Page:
Listen Up! Six Self-Sabotage Scenarios to Skip

Amara Rose March 18, 2014 3

There is a story, perhaps apocryphal, of an exceedingly wise and well-loved therapist. All day long, his patients would arrive for their appointments distraught and leave an hour later beaming with relief, thanking him profusely. In reality, what this therapist did was what he didn’t do: instead of offering sage advice, he nodded, appearing to listen deeply as he encouraged his patients to unburden themselves. At the end of each day, he would call to his assistant in the outer office, “Gertrude! You can bring me my hearing aids now.”

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While amusing, this tale contains a kernel of wisdom: you will be considered a great listener if you truly listen, rather than only appear to listen.

As we’ve discussed in our ongoing series on listening, including The Plateau Effect, Minding Your Mobile Manners and The Art of Socratic Selling, listening well is the cornerstone of successful selling. Most people, however — including those who grew up to become reverse mortgage professionals — were not trained in the art of deep listening along with their ABCs. It’s a complex process, not unlike being an experienced counselor. Listening well entails:

  • Concentration
  • Patience
  • Interpretation of ideas
  • Identifying non-verbal cues

The majority of business problems arise as a result of poor communication, which leads to misunderstandings and mistakes. See whether any of these six self-sabotage scenarios applies to you and your reverse mortgage business:

  • Grade “D”. Your prospect is describing a situation you’ve heard a hundred times before, and you get distracted by thoughts of how you’re doing financially for the quarter. If your earnings stay at this level you can probably buy that new sports car by summer, and…oops, what did you just miss?
  • Wait problem. It was tough to do as children, and for many people it’s still a challenge as adults: waiting till it’s their turn to talk. If you leap into the opening the second your client pauses for breath, you’re not really listening.
  • Fakin’ it. You appear to be interested, but actually you’re just waiting for the opportunity to paint a glowing picture of the reverse mortgage opportunity. Unwise. Most people — especially the “chronologically gifted”, who have had a lifetime of practice — can sense when you don’t really care about what they’re sharing.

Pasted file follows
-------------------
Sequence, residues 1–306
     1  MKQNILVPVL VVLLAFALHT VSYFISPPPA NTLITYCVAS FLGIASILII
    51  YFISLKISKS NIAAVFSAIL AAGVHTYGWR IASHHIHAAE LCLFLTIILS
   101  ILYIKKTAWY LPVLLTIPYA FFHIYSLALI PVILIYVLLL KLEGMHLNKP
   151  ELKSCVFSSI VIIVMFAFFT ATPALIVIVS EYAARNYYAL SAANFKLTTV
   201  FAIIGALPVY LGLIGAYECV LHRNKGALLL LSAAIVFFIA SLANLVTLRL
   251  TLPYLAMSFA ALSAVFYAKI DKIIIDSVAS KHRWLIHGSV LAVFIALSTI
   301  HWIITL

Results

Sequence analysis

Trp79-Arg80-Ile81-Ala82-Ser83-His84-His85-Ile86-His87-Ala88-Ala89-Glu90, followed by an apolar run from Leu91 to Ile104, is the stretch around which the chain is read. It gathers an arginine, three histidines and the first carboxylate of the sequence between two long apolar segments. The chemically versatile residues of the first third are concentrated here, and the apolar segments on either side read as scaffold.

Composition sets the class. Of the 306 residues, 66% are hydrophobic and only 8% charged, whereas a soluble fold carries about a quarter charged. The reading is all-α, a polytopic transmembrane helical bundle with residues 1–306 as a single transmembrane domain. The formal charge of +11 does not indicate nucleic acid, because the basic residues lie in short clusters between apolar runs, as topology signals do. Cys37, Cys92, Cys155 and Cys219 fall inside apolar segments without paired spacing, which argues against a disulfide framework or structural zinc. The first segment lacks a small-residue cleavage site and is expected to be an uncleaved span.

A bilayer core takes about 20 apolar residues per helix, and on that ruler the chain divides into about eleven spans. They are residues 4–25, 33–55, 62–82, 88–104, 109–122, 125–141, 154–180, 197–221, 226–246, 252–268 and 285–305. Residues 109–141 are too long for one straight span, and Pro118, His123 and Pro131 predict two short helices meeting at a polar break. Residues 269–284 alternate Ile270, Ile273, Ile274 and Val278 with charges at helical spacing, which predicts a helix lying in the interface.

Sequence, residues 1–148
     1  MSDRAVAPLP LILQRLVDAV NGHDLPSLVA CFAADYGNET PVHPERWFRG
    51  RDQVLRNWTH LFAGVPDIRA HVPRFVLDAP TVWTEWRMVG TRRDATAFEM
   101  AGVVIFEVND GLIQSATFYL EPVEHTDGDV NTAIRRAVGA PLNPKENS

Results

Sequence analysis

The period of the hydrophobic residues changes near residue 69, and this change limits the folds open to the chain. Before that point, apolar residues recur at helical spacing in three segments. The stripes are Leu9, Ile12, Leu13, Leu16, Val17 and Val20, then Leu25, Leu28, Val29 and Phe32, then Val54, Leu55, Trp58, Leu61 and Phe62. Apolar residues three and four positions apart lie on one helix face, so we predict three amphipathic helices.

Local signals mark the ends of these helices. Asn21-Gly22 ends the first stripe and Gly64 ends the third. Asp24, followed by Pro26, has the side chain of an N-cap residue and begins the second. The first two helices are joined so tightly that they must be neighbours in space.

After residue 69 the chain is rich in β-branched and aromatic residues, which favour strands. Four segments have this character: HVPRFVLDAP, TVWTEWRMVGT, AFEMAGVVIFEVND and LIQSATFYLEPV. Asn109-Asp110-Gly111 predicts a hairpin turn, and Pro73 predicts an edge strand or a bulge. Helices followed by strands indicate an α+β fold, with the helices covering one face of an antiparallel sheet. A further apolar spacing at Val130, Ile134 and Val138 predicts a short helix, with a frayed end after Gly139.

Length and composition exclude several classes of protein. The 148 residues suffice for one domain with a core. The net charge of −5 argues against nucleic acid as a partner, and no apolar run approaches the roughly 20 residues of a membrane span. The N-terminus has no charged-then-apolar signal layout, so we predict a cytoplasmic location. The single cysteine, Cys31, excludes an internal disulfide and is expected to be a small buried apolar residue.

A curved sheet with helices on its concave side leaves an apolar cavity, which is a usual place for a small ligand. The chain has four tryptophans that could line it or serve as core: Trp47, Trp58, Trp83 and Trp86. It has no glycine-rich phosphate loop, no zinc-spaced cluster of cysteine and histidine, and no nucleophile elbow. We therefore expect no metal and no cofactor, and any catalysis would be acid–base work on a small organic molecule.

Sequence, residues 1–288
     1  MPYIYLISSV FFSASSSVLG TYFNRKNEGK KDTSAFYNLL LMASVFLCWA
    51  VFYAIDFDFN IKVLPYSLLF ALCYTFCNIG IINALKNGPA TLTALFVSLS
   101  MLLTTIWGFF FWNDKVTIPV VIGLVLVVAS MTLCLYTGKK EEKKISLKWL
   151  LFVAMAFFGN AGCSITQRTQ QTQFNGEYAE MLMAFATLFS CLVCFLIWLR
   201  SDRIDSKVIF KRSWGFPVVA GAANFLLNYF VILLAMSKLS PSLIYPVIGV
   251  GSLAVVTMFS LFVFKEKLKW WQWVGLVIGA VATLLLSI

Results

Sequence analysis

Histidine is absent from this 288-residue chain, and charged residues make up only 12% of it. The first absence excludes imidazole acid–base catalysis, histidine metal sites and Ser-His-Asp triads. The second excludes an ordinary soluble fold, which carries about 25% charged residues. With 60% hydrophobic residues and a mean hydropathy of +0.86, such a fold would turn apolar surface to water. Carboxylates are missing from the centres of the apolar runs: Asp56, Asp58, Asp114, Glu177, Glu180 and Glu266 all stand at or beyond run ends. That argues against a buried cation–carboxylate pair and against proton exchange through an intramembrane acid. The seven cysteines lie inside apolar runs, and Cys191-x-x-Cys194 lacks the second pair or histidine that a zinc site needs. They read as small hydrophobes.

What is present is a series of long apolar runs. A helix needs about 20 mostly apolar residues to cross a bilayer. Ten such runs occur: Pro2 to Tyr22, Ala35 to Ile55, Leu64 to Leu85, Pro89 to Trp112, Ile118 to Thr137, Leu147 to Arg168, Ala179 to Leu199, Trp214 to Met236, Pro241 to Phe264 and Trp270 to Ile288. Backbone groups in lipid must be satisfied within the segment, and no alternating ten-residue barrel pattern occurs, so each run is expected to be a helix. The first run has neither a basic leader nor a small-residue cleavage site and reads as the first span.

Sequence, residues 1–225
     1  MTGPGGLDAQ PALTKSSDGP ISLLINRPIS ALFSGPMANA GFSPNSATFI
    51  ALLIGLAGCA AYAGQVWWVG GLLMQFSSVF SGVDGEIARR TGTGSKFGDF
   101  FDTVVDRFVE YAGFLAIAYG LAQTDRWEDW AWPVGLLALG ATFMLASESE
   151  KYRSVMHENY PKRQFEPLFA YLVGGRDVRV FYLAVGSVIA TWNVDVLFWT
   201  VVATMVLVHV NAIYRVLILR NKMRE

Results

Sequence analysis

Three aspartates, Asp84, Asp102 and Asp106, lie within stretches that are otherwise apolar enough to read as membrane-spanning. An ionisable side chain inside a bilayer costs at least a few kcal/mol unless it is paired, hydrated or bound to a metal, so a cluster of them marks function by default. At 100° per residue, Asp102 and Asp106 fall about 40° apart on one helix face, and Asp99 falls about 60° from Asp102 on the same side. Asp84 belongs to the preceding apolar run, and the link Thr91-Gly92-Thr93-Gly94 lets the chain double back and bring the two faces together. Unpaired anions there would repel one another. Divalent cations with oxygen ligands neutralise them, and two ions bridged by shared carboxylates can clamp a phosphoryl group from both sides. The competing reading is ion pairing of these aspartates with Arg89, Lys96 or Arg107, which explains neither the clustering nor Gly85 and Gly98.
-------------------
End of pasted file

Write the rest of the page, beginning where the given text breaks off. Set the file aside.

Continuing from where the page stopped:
• Skipping the “bad” parts. You can fast-forward through the boring segments of a DVD or skip the songs you don’t like on a CD, but if you listen selectively to your reverse mortgage prospects, you’re not getting the full picture of their needs or how you can best serve them.
  • Body blindness. Your client says he wants to move forward, but his body is stiff, and he’s not making eye contact. Or your prospect warmly tells you how much she likes the new HECM, but the smile doesn’t quite reach her mouth. These non-verbal cues tell you what their words omit.
  • Filters are for coffee. Filters can hinder your effectiveness. Looking through the lens of past experience, judgments based on appearance, or personal belief systems can create a wall between you and your prospect that hinders effective communication.

When you listen fully, patiently, noticing non-verbal cues without judgment or assumption, you’re well on your way to building the kind of client rapport the therapist appeared to have with his patients. Except yours will be real, because you’re hearing every word.

 

3 Comments »

  1. The_Critic March 18, 2014 at 12:28 pm - Reply

    These are all good things to practice and incorporate; however, our goal is not being patient, problem solvers, or unbiased and thoughtful listeners but rather going further, much further, and establishing trust. Without trust, it is hard for our clients to hear what we say no matter how good we are at reading body language or understanding their problems. Without trust psychologists are not very effective and neither are reverse mortgage originators.

    Without understanding our goal, the process of getting there is just another road we have traveled with no objective reached.

  2. Amara Rose March 19, 2014 at 10:13 am - Reply

    Agreed. We’ve covered the importance of building trust in other posts, and will again as this is such a valuable area.

    • The_Critic March 20, 2014 at 7:17 pm - Reply

      Amara,

      Your article is very much on point as to an important part of the process of getting to trust. For many, that process is difficult to define, describe, or articulate. So in no way am I demeaning your excellent article.

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